David Davis Walker
David Davis "D.D." Walker (19 January 1840 – 4 October 1918), a St. Louis dry goods wholesaler, founded Ely & Walker, which remains a clothing brand to this day. Walker was a first cousin, once removed, of Senator and Supreme Court Justice David Davis. Through his son George Herbert Walker, he was the great-grandfather of President George H. W. Bush and great-great-grandfather of President George W. Bush.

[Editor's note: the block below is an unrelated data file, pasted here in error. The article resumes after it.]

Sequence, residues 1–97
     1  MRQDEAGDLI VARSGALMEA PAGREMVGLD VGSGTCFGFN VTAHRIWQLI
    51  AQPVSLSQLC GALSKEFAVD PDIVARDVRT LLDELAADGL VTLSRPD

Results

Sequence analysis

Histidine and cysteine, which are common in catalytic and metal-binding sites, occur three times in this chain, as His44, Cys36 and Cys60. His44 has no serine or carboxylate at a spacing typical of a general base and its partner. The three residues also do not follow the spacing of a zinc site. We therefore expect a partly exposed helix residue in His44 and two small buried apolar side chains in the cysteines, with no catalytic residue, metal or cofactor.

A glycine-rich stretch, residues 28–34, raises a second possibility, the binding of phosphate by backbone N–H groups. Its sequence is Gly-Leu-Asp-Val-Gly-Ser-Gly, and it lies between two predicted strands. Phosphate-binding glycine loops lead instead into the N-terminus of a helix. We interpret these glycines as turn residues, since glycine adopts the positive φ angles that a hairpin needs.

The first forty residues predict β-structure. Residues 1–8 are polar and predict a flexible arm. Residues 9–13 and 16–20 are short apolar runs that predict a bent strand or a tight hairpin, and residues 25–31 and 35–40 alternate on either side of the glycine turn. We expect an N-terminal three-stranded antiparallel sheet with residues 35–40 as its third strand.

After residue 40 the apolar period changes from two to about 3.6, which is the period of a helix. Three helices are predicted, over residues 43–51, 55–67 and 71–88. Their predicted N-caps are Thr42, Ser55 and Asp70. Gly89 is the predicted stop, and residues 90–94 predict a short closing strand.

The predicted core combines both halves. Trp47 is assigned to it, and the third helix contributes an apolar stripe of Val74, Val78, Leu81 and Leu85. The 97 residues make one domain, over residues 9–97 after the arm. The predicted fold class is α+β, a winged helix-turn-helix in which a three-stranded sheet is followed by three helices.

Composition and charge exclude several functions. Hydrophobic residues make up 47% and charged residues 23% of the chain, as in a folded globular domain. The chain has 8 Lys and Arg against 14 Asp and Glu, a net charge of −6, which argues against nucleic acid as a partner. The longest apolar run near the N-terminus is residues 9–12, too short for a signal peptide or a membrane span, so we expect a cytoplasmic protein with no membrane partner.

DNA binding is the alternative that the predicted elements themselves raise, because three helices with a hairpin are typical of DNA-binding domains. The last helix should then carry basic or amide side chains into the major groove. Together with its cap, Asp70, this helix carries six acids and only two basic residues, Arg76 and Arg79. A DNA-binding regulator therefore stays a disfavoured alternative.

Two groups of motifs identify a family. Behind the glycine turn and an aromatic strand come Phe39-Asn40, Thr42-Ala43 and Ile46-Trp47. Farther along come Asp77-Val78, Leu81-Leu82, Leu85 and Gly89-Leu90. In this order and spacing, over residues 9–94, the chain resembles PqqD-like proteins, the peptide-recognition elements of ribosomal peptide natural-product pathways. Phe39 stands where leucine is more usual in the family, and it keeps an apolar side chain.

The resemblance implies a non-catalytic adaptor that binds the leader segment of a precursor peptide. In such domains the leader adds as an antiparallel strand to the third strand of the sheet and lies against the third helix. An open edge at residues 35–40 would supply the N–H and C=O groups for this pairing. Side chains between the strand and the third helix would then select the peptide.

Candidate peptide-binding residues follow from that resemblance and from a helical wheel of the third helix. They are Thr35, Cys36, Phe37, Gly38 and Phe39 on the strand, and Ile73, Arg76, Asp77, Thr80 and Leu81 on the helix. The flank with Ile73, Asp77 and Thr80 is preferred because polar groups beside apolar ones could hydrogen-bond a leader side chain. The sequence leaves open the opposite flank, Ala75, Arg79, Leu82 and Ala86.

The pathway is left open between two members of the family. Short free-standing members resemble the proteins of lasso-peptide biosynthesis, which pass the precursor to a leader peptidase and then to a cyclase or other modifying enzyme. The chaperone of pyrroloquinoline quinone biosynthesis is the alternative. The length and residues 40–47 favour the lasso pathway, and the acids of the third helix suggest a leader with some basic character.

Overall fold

Walker was the son of George E. Walker (1797–1864) and Harriet Mercer (1802–1869). His grandfather was Thomas Walker (slave trader). He was born and reared on his parents' farm near Bloomington, Illinois. At age fourteen, he was sent to the Beloit Preparatory Academy, part of Beloit College in Wisconsin. In 1857, he went to St. Louis for business training with the merchandiser Crow, McCreery & Co., then the largest wholesale dry goods house in the city. He worked his way up from office boy, and became a partner after just eight years with the firm. He became ill as a result of his workaholic habits, quitting in 1878, and spent the next two years recovering. In 1880 he went back to work, forming Ely, Walker & Co. with Frank Ely and others. The business was a huge success, and in 1883 it was incorporated as the Ely & Walker Dry Goods Company. He remained President of the company until 1892, and thereafter retained the largest interest in the firm. His sons David Davis, Jr., Joseph Sidney and George Herbert all had involvement with the Ely & Walker firm, which continued as a major clothing manufacturer until it was acquired by Burlington Industries after World War II, but George went into banking.